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J Biol Chem. 2004 Nov 5;279(45):46882-9. Epub 2004 Aug 25.

Resistance of the human beta1-adrenergic receptor to agonist-induced ubiquitination: a mechanism for impaired receptor degradation.

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Membrane Biochemistry Section, Laboratory of Molecular and Cellular Neurobiology, NINDS, National Institutes of Health, Bethesda, Maryland 20892, USA.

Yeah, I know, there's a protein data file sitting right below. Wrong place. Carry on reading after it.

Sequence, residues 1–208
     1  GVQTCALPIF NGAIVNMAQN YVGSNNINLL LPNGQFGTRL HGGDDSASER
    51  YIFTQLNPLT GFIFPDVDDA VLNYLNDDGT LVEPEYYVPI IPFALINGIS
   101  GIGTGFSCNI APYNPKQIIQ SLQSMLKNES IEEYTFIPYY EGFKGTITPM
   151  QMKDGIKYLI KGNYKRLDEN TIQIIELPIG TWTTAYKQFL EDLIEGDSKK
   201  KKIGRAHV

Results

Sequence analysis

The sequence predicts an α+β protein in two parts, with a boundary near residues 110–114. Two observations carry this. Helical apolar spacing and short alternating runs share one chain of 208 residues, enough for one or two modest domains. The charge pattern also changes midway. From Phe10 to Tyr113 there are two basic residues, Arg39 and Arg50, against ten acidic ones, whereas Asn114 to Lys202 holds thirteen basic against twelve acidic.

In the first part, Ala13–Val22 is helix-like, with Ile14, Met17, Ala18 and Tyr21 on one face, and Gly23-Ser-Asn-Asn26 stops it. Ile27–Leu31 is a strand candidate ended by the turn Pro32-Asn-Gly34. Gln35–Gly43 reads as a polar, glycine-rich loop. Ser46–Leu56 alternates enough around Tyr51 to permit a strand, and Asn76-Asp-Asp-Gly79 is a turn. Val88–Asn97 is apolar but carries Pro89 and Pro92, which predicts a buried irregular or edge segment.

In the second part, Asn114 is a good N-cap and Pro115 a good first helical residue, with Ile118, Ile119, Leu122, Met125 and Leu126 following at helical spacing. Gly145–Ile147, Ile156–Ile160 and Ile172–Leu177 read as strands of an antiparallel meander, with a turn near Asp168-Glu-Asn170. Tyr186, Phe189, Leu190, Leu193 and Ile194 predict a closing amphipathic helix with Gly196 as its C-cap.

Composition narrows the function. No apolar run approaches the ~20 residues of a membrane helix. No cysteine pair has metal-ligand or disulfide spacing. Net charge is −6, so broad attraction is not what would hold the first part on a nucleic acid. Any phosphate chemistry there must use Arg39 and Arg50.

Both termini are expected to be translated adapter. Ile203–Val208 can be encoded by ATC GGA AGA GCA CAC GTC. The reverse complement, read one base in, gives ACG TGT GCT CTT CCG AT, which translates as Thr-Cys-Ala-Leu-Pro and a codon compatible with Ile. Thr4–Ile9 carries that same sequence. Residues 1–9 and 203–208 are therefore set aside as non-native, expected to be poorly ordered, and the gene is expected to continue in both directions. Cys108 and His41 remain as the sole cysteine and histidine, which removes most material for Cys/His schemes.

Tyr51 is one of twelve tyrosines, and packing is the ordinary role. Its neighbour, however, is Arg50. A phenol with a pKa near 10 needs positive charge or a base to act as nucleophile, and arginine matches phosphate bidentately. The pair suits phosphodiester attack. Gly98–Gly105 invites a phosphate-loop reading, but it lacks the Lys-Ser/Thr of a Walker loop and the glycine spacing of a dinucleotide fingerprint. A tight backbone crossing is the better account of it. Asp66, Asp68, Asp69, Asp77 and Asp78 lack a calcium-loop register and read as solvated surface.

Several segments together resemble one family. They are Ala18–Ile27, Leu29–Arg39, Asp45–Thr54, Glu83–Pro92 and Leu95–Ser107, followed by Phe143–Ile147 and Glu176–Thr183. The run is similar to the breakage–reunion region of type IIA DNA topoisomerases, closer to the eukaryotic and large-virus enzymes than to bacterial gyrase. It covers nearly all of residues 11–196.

Down-regulation is a classic response of most G protein-coupled receptors to prolonged agonist stimulation. We recently showed that when expressed in baby hamster kidney cells, the human beta1-but not the beta2-adrenergic receptor (AR) is totally resistant to agonist-mediated down-regulation, whereas both have similar rates of basal degradation (Liang, W., Austin, S., Hoang, Q., and Fishman, P. H. (2003) J. Biol. Chem. 278, 39773-39781). To identify the underlying mechanism(s) for this resistance, we investigated the role of proteasomes, lysosomes, and ubiquitination in the degradation of beta1AR expressed in baby hamster kidney and human embryonic kidney 293 cells. Both lysosomal and proteasomal inhibitors reduced beta1AR degradation in agonist-stimulated cells but were less effective on basal degradation. To determine whether beta1AR trafficked to lysosomes we used confocal fluorescence microscopy. We observed some colocalization of beta1AR and lysosomal markers in agonist-treated cells but much less than that of beta2AR even in cells co-transfected with arrestin-2, which increases beta1AR internalization. Ubiquitination of beta2AR readily occurred in agonist-stimulated cells, whereas ubiquitination of beta1AR was not detectable even under conditions optimal for that of beta2AR. Moreover, in cells expressing betaAR chimeras in which the C termini have been switched, the chimeric beta1AR with beta2AR C-tail underwent ubiquitination and down-regulation, but the chimeric beta2AR with beta1AR C-tail did not. Our results demonstrate for the first time that beta1AR and beta2AR differ in the ability to be ubiquitinated. Because ubiquitin serves as a signal for sorting membrane receptors to lysosomes, the lack of agonist-mediated ubiquitination of beta1AR may prevent its extensive trafficking to lysosomes and, thus, account for its resistance to down-regulation.

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